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I have a web application with bunch of HTML code. There are some style-attributes that I can't get rid of, but I was wondering if it's worth the cleanness to get rid of class-names and use CSS selectors instead. Do CSS selectors perform slowly?

I'm talking about replacing class-name selectors such as .example with more complex selectors like #example div > div:nth-child(3) > p

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Can you be more specific and give an example? I mean, when you put class names on an element and reference them from a CSS file, that too is a "selector". In fact reference only by class is one of the slower things you can do. However, your question really doesn't make much sense without an example. –  Pointy Mar 27 '10 at 18:39

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Take a look at this article to see a graph on this. I don't know how exact this benchmark is, but it seems child selectors are indeed slower, but you're not going to find any visible gains by avoiding child selectors.. this is a micro optimization that has "diminishing returns" written all over it.

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The performance hit is tiny.

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That's not always true, especially for IE6, though it completely depends on the particulars of the page and the selector in question. –  Pointy Mar 27 '10 at 18:39

Here you can find an interesting blog post on the argument with examples and tests of CSS selectors performances on most common browsers:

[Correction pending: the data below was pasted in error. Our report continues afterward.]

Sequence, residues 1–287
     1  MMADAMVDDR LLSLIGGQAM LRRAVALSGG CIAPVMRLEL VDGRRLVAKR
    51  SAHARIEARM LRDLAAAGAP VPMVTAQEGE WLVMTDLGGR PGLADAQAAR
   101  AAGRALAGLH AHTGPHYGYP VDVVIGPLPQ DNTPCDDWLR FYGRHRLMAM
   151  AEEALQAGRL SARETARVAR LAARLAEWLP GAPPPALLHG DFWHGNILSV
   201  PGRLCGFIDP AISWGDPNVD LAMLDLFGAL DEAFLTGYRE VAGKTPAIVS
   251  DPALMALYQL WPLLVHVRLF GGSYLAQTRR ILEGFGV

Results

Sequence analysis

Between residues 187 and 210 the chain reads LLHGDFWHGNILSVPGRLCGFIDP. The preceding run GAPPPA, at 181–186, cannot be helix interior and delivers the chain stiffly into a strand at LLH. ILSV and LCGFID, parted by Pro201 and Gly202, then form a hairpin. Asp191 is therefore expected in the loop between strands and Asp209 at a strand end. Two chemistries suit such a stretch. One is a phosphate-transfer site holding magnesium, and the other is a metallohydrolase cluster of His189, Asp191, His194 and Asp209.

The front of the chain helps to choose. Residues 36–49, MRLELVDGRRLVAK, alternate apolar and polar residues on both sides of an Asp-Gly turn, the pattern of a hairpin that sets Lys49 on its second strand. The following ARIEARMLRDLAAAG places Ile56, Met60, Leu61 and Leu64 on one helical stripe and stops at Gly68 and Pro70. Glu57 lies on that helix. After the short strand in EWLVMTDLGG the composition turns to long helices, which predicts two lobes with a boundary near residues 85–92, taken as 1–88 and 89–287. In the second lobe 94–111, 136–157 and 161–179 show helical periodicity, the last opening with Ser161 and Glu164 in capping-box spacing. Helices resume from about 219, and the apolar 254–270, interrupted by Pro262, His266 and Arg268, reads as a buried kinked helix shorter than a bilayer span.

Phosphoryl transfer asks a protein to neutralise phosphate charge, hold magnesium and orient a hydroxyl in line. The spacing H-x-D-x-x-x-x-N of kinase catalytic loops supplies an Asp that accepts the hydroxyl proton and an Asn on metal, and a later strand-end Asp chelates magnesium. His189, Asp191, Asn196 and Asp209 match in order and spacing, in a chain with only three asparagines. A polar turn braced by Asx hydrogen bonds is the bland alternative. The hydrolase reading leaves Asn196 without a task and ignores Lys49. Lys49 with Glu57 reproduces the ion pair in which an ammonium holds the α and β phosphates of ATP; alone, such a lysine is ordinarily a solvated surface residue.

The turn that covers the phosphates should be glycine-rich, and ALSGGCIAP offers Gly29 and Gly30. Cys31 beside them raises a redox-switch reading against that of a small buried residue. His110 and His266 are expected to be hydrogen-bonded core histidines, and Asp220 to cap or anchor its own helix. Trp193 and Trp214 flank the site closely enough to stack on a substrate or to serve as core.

http://www.stevesouders.com/blog/2009/03/10/performance-impact-of-css-selectors/

This is the conclusion of the author:

Based on these tests I have the following hypothesis: For most web sites, the possible performance gains from optimizing CSS selectors will be small, and are not worth the costs. There are some types of CSS rules and interactions with JavaScript that can make a page noticeably slower. This is where the focus should be.

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The browser matches from right to left, and any non-specific tags will cause more of a performance hit.*

1–Slower:

.foo p

2–Faster

.foo p.bar

What happens is in the first example, the browser matches ALL paragraphs, then narrows it down to those whose ancestor has the foo class.

In the second example, the browser matches all elements that have the bar class, then matches the subset that are paragraphs, then the subset whose ancestor has the foo class.

One would generally expect the initial set of the second example to be smaller than that of the first example.

*Bear in mind that the hit will really only become apparent with poorly-crafted CSS on pages that are very large (megs) and/or have many, many elements (e.g., hundreds of spans or divs). Small pages with only a few number of elements will not see a real—if any—performance hit, even with poorly-written CSS.

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